Will's uncle Jonathan is a young man with a young family. He has big, tattooed biceps and six-pack abs. A rugged jaw. A beaming white smile, with dimples. And cancer, ravaging his body.
This past weekend, in honor of Thanksgiving, and in honor of Jonathan, his family gathered around him in a rambling beach house on the Jersey Shore. In some ways, it was much like the Thanksgiving we all spent there three years ago. Great-grandma Dodie brought her green Jell-O mold with shredded carrots and onions suspended inside, which she carefully laid out on a bed of lettuce with a dollop of mayonnaise. When she wasn't looking, someone smuggled it away and hid it in the microwave. The teenagers snuck off to drink cans of Bud Lite in the attic. Uncle Phil told the same bad jokes that he's allegedly been telling for the past thirty Thanksgivings. Cousin Brendan snored on the couch while his siblings painted a chocolate mustache on his face and wrote "I luv turkey" in blue ink on his arm. The girls dressed up one of the dogs in a pink hooded sweatshirt. There were naps and walks and board games and leftover turkey sandwiches. Just like any other Thanksgiving.
But this Thanksgiving, I watched Jonathan lean his weight against his brother as they walked arm in arm down to the beach so Jonathan could dictate a letter. A letter to be given to his children after he's gone. And while I witnessed this happening with my own two eyes, I couldn't quite understand what was happening. All I could think was: How? How is this even remotely possible? What words could possibly come together and adhere themselves to a piece of paper in this moment, for this purpose?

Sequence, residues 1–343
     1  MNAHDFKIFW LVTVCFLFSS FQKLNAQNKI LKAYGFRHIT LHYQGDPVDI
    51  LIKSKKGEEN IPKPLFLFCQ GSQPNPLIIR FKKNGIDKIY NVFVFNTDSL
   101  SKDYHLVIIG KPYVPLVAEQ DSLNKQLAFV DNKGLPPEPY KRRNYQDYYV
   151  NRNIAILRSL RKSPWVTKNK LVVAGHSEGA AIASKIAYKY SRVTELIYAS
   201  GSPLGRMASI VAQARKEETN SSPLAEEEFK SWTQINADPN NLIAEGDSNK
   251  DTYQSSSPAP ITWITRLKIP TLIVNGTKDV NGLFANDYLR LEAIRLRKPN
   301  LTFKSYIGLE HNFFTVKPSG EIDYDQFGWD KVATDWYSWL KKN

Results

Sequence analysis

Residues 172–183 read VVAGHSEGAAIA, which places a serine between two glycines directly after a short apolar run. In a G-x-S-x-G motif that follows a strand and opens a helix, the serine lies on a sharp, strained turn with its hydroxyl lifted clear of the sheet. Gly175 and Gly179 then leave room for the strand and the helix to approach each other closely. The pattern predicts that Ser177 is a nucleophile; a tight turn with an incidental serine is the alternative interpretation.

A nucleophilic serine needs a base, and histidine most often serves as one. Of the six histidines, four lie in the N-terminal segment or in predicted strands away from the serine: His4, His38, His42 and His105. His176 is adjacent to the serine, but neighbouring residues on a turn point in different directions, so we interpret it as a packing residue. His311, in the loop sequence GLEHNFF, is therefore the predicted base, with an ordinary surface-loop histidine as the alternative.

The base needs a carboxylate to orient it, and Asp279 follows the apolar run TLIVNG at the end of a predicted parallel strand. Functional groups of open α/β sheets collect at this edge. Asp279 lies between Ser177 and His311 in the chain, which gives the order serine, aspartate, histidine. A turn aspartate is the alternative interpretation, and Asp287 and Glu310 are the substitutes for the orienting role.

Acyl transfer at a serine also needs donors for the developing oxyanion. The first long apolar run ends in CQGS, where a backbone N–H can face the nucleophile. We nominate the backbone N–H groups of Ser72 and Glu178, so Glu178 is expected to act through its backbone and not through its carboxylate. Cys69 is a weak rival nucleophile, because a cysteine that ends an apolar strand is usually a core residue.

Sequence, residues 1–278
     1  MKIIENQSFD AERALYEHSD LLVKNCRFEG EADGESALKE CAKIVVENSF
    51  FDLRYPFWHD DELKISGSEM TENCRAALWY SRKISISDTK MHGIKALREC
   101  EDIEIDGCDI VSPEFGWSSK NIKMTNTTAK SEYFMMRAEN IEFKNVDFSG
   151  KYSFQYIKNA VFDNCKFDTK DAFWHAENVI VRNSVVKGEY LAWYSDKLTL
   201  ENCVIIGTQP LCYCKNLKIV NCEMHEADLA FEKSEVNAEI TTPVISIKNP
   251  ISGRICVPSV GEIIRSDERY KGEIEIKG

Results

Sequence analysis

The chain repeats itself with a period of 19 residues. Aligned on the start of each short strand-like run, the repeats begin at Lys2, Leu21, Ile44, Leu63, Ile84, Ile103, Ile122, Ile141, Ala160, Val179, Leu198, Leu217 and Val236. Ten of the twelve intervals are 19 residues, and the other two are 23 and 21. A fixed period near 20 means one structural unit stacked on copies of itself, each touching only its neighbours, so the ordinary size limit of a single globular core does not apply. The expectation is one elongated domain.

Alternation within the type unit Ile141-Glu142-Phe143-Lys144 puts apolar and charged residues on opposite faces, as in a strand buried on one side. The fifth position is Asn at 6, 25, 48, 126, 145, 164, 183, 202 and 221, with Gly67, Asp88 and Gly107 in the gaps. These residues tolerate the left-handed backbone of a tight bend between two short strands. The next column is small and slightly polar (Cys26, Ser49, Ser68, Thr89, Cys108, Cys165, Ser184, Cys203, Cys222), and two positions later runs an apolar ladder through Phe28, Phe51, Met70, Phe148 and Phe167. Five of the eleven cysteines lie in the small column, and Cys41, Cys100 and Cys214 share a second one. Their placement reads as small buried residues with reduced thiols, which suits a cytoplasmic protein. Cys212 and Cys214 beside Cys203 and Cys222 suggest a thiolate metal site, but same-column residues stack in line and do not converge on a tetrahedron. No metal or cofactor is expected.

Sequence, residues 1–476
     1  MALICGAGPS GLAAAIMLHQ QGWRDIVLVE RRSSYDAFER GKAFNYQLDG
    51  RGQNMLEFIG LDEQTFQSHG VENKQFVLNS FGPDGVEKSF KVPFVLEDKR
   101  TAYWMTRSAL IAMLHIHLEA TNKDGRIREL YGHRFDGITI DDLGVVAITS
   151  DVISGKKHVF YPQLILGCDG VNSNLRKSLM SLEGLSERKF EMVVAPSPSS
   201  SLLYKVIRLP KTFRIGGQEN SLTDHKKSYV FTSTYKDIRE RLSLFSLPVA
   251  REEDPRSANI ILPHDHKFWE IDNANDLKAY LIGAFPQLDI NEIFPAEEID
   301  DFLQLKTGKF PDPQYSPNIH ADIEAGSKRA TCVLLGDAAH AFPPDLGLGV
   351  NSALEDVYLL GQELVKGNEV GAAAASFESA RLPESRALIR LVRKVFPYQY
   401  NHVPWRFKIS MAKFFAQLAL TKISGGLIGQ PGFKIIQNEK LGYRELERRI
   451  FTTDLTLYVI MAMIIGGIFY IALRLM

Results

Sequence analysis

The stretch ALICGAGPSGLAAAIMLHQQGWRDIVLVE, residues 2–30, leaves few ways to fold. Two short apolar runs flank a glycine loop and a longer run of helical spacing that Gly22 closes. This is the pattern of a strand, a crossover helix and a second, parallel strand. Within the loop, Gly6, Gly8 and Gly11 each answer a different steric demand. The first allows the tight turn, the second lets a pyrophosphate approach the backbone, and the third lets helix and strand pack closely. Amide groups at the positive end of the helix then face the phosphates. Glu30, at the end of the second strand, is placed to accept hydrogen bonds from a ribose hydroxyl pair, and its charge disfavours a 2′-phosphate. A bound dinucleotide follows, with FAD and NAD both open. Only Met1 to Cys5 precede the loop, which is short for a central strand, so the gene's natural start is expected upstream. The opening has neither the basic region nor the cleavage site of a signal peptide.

As a parent now myself, I can't fathom having to write that letter. I can't comprehend its contents, or the pain of having to then take your children aside and break the news to them that you may not have much time left.
This Thanksgiving, I watched Jonathan as he sat bundled under blankets in a chair on the beach, watching his kids running around, with the knowledge that he may never get to see them grow up. It was one of the strongest things I've ever seen anyone do. I watched him, watching them, and I watched Julia and Charlie and Will on that same beach, on that same day. Will, playing football and taunting his uncles with a goofy victory dance after a touchdown pass. Julia, collecting seashells and chasing after the dogs and the big kids. Charlie, trying to hug the sand, then smiling through a mouthful of it. I sat, and I watched, and I realized, more than ever, on this Thanksgiving Day, how much I have to be thankful for.
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